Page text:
We will review your annual electricity usage and assign you a share of a local community solar garden serving Orrington, Maine. We will then communicate to your utility company that you will be receiving a portion of the solar garden’s production each month.
Your portion of power will be received as “solar energy credits”.
Our solar energy credits will appear on your electric bill to offset the final balance you owe your utility.
After you receive your monthly credits, you’ll receive a bill from us for your subscription. We’ll charge you at a discount based on your credits’ value. You’ll save an estimated 10% of your annual electricity costs.
When you join a solar farm in Orrington, Maine with Ampion, you can always view your solar production, cost savings, and environmental impact with our online portal.
On the Penobscot River estuary, Orrington is the southernmost town in Penobscot County. Captain John Brewer first settled Orrington, advantageously located just up the river from more coastal Bucksport and just six miles below the inland city of Bangor. The great shipping trade that developed along this part of the Penobscot River attracted fighting during the Revolutionary War, and again in 1812 when the U.S.S. Adams was chased up the river by a British ship firing cannons into Orrington. One of the largest of many large ships constructed on the Penobscot River, the Coburn, was built at the South Orrington shipyard. Orrington’s original chandlery became the town’s general store and only recently closed.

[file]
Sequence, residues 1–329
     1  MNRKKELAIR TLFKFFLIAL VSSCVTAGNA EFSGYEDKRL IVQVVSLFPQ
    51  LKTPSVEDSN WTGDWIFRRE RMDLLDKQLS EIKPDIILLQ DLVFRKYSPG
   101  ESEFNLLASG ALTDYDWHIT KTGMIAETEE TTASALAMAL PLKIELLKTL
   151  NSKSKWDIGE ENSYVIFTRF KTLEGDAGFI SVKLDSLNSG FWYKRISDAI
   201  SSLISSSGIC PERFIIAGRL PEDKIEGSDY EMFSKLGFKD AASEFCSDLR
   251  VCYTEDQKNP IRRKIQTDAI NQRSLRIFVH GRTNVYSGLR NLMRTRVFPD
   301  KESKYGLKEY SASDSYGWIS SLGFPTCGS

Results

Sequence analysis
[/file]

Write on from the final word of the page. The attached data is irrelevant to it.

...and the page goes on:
Wiswell Farm’s commercial greenhouse operation uses solar power to offset its electricity. Penobscot County is better known for its wind farms. The Rollins Wind Farm completed in 2011 is a 60MW installation about eight miles east of Lincoln that produces 168 million kWh of clean renewable energy annually to power more than 23,000 households across the towns of Lincoln, Burlington, Lee, Winn and Mattawamkeag. The Passadumkeag Wind Park near Lowell, operational in 2016, has a capacity of approximately 42 MW.
Orrington Energy Options
In 2019, Maine became the 21st state to pass community solar and other renewable legislation that encourages development of renewable energy projects and increases access to community solar and other renewables for all businesses and residents, regardless of the type of building or home you are in. Available programs that provide opportunities to participate in local renewable energy are detailed at Maine Green Power. To find out more about solar power in Maine, visit Natural Resources Council of Maine. To find out about energy efficiency incentives, visit Efficiency Maine.
Maine’s two investor-owned utilities, Central Maine Power and Versant Power, serve 96% of Maine homes. In addition, nine consumer-owned utilities serve smaller populations. The Maine Renewable Energy Association (MREA) is a not-for-profit association of renewable energy producers, suppliers of goods and services to those producers, and other supporters of the industry.